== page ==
18. repec:cup:cbooks:9780521802345 is not listed on IDEAS
Full references (including those not matched with items on IDEAS)

This item is not listed on Wikipedia, on a reading list or among the top items on IDEAS.

When requesting a correction, please mention this item's handle: RePEc:eee:matsoc:v:60:y:2010:i:3:p:161-177. See general information about how to correct material in RePEc.

For technical questions regarding this item, or to correct its authors, title, abstract, bibliographic or download information, contact: (Zhang, Lei)

If you have authored this item and are not yet registered with RePEc, we encourage you to do it here. This allows to link your profile to this item. It also allows you to accept potential citations to this item that we are uncertain about.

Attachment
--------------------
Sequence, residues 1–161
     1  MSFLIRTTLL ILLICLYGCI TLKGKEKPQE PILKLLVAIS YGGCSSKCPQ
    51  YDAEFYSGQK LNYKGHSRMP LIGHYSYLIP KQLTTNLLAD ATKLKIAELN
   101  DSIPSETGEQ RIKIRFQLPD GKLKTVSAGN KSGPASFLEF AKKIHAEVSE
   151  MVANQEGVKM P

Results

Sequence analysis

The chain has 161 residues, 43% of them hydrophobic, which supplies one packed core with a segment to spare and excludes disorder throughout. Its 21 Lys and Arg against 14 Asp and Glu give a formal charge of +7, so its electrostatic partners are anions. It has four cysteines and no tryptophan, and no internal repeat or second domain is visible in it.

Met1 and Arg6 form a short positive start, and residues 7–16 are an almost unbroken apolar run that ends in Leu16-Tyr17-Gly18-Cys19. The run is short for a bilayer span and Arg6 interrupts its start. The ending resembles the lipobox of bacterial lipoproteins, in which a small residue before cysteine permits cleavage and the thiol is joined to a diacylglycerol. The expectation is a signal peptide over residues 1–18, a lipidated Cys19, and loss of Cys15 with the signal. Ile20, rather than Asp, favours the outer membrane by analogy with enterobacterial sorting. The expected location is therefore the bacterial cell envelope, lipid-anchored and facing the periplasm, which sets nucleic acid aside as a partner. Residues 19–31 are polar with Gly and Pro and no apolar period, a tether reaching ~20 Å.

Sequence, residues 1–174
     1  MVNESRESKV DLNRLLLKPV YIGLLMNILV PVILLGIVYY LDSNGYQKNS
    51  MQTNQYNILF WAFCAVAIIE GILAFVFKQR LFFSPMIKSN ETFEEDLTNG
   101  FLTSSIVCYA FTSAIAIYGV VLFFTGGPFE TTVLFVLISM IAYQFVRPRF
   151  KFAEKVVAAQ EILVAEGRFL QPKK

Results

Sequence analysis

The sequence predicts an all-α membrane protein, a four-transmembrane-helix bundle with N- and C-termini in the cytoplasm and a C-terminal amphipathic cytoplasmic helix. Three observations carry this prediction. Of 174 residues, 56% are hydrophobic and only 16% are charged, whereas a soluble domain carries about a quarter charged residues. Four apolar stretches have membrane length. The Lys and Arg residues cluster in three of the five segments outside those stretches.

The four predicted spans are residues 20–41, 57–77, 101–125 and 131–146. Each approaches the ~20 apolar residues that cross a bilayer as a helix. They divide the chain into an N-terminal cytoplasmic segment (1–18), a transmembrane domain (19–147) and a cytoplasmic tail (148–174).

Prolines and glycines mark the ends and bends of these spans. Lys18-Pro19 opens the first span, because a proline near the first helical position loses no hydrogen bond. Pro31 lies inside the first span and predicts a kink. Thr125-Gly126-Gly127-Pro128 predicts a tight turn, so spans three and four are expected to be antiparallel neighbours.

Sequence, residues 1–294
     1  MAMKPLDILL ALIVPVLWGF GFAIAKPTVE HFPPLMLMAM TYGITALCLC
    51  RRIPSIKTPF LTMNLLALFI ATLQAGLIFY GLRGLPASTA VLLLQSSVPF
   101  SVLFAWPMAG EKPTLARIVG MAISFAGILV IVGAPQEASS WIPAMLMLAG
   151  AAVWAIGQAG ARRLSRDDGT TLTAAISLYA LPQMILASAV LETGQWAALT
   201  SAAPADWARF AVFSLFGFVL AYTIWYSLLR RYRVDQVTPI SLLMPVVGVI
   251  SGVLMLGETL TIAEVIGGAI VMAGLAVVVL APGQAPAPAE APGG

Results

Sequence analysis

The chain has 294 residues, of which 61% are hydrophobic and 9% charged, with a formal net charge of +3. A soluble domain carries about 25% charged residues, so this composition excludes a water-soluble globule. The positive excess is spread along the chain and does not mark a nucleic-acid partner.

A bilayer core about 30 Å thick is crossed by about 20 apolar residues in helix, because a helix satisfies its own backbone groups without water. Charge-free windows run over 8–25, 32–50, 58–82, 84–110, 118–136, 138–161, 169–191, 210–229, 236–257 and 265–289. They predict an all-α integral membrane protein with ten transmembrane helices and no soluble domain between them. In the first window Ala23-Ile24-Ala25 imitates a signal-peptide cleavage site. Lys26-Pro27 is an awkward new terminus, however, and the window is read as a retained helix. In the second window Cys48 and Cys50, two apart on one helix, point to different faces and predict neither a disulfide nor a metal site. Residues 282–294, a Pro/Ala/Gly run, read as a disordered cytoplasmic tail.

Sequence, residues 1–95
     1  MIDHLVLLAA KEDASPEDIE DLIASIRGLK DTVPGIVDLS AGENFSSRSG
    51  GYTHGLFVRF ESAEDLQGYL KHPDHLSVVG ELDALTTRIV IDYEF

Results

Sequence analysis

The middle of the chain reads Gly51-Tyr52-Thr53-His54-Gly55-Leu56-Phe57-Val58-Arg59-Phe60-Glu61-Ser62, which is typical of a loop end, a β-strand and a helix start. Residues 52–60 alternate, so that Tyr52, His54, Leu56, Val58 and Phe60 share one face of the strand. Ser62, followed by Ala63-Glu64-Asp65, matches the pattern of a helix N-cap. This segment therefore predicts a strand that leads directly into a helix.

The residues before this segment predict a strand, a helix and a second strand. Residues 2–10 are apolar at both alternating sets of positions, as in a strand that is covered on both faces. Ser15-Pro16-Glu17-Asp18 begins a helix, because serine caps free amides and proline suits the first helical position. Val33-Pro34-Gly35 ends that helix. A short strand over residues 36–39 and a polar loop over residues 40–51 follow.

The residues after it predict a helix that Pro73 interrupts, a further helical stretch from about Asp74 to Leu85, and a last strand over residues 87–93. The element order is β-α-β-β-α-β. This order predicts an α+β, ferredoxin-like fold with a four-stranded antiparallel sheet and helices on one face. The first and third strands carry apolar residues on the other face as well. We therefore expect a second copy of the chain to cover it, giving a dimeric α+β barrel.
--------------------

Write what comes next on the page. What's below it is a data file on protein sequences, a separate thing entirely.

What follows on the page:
If references are entirely missing, you can add them using this form.

If the full references list an item that is present in RePEc, but the system did not link to it, you can help with this form.

If you know of missing items citing this one, you can help us creating those links by adding the relevant references in the same way as above, for each refering item. If you are a registered author of this item, you may also want to check the "citations" tab in your profile, as there may be some citations waiting for confirmation.

Please note that corrections may take a couple of weeks to filter through the various RePEc services.

This information is provided to you by IDEAS at the Research Division of the Federal Reserve Bank of St. Louis using RePEc data.